A typical dining room chair is about 18 inches high at the seat. That means you have a 12-inch space between the standard 30-inch dining table and seat, to accommodate your lap, napkin, formal or informal attire and any random bits of food that go astray. So, figure chairs with an 18-inch height as a starting point. But always measure your particular dining room furniture to find the exact right height for a comfortable and compatible relationship.
Not all dining tables are created alike. Yours may range from 28 to 31 inches tall, and you'll have to adjust chair height so your guests don't wind up with their chins on the table or perched in midair. Chairs could be between 17 and 19 inches from the floor. Antique and handmade dining tables may vary more widely from the standard measurement and call for inventive seating solutions. Set a rule to leave between 10 and 13 inches from the chair seat to the edge of the table, and tweak that to match your circumstances. Wide girth or taller people will be more comfortable with more space, so look for chairs that provide extra inches between seat and table. If your chairs have arms, they should fall about 7 inches below the table apron in order to slide in and out easily without any arm-bashing.
You've fallen in love with a hand-carved elm Ming table that will star in your dining room. It also happens to be 33 inches tall. It's going to be tough to find dining chairs to accommodate that height, but there are two choices that will work fairly painlessly. Buy or commission stools of the ideal height, to use in place of chairs. Or buy standard chairs and add very firm cushions to boost diners to an appropriate height at the table. For any odd-sized dining table, keep a tape measure handy for the times when you spot the perfect chair or chairs. Some antique, custom-made and rustic chairs will have quirky measurements that are made-to-order for your treasured and nonstandard dining table.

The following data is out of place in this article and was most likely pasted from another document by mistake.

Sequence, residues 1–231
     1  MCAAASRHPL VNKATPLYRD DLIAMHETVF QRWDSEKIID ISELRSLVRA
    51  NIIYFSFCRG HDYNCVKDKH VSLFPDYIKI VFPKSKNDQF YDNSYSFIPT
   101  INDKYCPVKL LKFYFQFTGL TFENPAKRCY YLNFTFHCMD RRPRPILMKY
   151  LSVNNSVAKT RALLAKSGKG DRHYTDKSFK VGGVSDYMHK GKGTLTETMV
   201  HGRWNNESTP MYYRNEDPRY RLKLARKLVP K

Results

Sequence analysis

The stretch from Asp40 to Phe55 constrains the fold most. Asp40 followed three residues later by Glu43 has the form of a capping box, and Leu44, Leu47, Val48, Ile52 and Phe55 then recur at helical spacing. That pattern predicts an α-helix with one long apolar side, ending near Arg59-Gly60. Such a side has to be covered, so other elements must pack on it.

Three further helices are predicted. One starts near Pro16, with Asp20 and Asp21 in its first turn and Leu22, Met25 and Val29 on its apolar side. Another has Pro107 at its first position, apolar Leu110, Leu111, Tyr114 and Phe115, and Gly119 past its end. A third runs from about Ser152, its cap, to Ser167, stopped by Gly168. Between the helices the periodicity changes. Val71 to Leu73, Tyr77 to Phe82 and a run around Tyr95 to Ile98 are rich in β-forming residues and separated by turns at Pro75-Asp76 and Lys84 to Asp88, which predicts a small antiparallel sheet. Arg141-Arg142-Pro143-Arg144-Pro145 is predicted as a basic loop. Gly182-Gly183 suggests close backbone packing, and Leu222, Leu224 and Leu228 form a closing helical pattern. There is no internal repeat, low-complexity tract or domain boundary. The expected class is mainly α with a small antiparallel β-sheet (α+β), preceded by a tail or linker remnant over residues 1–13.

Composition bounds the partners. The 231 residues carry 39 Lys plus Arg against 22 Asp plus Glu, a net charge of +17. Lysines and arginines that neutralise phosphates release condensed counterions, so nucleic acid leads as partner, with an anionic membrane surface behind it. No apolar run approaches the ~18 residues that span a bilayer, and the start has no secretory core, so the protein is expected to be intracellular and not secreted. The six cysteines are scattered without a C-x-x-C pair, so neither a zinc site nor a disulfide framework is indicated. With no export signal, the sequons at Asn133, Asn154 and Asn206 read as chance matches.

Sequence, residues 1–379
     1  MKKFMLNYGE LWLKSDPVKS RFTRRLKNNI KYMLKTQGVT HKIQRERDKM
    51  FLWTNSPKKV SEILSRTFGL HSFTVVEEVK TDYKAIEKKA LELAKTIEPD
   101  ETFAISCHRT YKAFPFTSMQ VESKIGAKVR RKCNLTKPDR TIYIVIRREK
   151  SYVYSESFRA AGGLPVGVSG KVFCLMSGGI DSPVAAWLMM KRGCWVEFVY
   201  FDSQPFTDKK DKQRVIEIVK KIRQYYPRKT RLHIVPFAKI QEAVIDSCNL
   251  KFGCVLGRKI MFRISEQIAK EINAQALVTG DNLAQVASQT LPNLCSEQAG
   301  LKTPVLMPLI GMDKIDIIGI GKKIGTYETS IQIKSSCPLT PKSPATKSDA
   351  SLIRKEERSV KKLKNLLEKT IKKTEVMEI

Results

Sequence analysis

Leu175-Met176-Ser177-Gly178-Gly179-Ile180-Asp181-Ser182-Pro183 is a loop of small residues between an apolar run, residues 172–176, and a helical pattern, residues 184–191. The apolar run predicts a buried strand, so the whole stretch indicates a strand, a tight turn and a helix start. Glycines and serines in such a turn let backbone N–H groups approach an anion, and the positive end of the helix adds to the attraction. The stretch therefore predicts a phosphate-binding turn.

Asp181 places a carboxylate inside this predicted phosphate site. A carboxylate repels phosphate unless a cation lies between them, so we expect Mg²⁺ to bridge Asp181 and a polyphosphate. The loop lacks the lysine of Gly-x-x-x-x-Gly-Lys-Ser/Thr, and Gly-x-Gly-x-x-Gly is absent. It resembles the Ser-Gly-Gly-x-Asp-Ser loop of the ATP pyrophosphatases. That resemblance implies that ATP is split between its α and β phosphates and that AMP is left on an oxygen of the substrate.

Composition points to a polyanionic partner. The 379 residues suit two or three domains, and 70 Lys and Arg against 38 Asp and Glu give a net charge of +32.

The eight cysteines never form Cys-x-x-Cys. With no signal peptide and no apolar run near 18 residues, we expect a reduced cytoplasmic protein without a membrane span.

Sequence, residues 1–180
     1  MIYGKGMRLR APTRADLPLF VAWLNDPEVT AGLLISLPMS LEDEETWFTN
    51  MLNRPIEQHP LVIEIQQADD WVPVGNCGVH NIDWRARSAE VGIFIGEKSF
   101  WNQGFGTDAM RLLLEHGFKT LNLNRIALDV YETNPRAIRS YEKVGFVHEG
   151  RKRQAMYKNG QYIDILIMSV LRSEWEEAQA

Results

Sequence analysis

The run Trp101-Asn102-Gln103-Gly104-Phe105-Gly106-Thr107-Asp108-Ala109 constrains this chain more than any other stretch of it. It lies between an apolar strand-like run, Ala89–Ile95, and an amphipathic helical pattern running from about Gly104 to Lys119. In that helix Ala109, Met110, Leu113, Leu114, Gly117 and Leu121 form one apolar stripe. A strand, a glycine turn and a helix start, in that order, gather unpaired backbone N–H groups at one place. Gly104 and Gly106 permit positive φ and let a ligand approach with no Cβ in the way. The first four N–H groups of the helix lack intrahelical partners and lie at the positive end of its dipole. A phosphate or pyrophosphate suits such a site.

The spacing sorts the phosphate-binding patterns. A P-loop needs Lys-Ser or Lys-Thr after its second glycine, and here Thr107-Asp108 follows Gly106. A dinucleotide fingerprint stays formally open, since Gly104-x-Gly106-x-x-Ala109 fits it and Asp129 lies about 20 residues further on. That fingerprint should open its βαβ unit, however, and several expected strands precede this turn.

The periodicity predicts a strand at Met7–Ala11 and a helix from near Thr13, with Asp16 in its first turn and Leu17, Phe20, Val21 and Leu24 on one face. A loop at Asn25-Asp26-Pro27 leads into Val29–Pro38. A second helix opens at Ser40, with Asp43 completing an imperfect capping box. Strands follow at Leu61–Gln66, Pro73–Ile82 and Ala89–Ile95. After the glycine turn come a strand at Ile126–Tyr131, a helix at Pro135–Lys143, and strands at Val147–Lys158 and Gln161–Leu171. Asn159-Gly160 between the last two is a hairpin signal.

Benna Crawford has been a journalist and New York-based writer since 1997. Her work has appeared in USA Today, the San Francisco Chronicle, The New York Times, and in professional journals and trade publications. Crawford has a degree in theater, is a certified Prana Yoga instructor, and writes about fitness, performing and decorative arts, culture, sports, business and education .